A Must Read!

I have found an excellent resource on Object Oriented Programming.

http://technical-talk.com/SoftDev/OOP/OOPBASICS.asp

Hi,

Am Mittwoch, 03. Okt 2007, 18:30:03 +0900 schrieb
[email protected]:

I have found an excellent resource on Object Oriented Programming.

http://technical-talk.com/SoftDev/OOP/OOPBASICS.asp
^^^
An authority on smart software design.

Bertram

On Oct 3, 2007, at 7:53 , Michael T. Richter wrote:

(I have similar questions about people acting as if functional
programming – '50s – were the New Deal.)

Huh. I haven’t seen many people claiming Roosevelt had much influence
on computer science.

Michael G.
grzm seespotcode net

programming – '50s – were the New Deal.)

Huh. I haven’t seen many people claiming Roosevelt had much influence
on computer science.

“Since 1933, politicians and pundits have often called for a “new deal”
regarding an object. That is, they demand a completely new, large-scale
approach to a project.”

From: http://en.wikipedia.org/wiki/New_Deal#Legacies

Clear as mud?

On Oct 3, 2007, at 10:08 AM, M. Edward (Ed) Borasky wrote:

calculations for that, however, were done by rooms full of men and
women operating mechanical desk calculators, under the direction of
John Von Neumann and others. These men and women were known as
“computers”, and in many cases had college degrees in mathematics.

The genius of Von Neumann was that he saw that such calculations
could be done faster, more accurately and with lower cost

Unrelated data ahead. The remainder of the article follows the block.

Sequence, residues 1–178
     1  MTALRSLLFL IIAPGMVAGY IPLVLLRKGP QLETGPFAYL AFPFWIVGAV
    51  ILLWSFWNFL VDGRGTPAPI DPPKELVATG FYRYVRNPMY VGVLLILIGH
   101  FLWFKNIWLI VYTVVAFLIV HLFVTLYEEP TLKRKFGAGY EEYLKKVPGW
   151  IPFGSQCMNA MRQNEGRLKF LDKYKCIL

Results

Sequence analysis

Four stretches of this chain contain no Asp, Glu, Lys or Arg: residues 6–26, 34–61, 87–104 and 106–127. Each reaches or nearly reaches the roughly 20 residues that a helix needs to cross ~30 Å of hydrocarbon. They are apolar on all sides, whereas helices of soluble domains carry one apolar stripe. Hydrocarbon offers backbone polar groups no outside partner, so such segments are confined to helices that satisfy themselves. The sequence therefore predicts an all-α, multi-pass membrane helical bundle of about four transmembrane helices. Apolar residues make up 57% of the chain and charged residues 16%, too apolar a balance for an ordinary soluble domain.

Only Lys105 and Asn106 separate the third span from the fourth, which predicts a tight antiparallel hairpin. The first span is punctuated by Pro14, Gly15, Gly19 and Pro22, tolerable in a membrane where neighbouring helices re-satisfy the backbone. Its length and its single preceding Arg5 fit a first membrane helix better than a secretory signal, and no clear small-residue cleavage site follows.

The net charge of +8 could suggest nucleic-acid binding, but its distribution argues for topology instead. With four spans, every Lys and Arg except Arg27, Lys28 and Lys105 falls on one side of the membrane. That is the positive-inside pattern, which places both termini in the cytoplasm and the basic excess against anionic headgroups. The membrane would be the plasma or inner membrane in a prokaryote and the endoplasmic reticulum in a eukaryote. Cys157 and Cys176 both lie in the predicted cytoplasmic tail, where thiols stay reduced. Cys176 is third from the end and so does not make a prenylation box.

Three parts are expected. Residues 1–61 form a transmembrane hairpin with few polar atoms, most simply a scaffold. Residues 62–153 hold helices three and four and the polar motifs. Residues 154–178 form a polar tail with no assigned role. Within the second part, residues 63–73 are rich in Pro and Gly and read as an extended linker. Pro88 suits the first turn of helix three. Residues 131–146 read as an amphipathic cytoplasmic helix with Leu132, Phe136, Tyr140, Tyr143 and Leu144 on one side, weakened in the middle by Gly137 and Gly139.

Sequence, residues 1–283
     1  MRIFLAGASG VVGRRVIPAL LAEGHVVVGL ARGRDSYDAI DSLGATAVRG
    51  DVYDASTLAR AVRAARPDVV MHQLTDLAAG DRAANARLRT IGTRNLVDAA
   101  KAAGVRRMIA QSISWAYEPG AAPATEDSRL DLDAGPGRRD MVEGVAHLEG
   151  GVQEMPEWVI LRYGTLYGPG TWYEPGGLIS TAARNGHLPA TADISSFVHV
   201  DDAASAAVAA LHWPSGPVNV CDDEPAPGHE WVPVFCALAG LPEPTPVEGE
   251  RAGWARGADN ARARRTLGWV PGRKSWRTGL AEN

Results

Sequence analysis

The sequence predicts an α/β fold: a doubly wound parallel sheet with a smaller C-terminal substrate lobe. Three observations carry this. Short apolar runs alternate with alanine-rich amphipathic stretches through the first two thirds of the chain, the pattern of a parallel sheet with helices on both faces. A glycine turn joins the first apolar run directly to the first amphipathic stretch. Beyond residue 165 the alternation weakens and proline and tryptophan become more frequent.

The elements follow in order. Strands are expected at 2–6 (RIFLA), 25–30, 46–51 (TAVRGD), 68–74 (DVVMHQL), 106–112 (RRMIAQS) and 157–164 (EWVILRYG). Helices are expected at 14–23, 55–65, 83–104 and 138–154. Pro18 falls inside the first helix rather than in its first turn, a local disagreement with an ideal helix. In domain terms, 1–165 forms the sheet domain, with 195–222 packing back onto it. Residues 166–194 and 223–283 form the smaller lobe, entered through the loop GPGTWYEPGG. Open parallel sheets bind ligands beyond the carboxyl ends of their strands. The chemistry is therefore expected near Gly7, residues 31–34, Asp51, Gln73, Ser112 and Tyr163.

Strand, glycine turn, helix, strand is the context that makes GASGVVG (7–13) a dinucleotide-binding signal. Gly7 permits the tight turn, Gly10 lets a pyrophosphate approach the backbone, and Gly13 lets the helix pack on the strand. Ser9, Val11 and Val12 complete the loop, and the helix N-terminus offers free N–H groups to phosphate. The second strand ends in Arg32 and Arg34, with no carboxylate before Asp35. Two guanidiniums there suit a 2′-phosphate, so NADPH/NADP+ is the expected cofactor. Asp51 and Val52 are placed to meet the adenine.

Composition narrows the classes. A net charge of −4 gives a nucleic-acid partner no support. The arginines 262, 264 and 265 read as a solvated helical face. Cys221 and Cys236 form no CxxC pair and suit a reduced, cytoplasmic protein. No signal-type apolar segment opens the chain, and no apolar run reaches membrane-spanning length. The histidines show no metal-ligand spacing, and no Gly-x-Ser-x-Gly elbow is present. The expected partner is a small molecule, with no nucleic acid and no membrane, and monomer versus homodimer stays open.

electronically. But it didn’t happen until after the Manhattan
Project was over and FDR was in his grave.

Slide Rule

John J. wrote:

grzm seespotcode net
FDR was in his grave.

Slide Rule

Uh … try integrating PDEs with a room full of people running slide
rules some time. :slight_smile:

The electronic equivalent of the slide rule, the analog computer, was
limited to a precision of at best five decimal digits, and could
integrate ordinary differential equations easily. But partial
differential equations are a whole 'nutha ball game. :slight_smile:

Michael G. wrote:

grzm seespotcode net

Well … he did fund the Manhattan Project, after all. Most of the
calculations for that, however, were done by rooms full of men and women
operating mechanical desk calculators, under the direction of John Von
Neumann and others. These men and women were known as “computers”, and
in many cases had college degrees in mathematics.

The genius of Von Neumann was that he saw that such calculations could
be done faster, more accurately and with lower cost electronically. But
it didn’t happen until after the Manhattan Project was over and FDR
was in his grave.

On Oct 3, 2007, at 11:37 PM, M. Edward (Ed) Borasky wrote:

Project was over and FDR was in his grave.

Slide Rule
Uh … try integrating PDEs with a room full of people running
slide rules some time. :slight_smile:

The electronic equivalent of the slide rule, the analog computer,
was limited to a precision of at best five decimal digits, and
could integrate ordinary differential equations easily. But
partial differential equations are a whole 'nutha ball game. :slight_smile:

Put a lot of stuff in space though!
And pioneered through the RF and amplifier circuits. (think vacuum
tubes/ valves, now that’s some hardcore engineering!)

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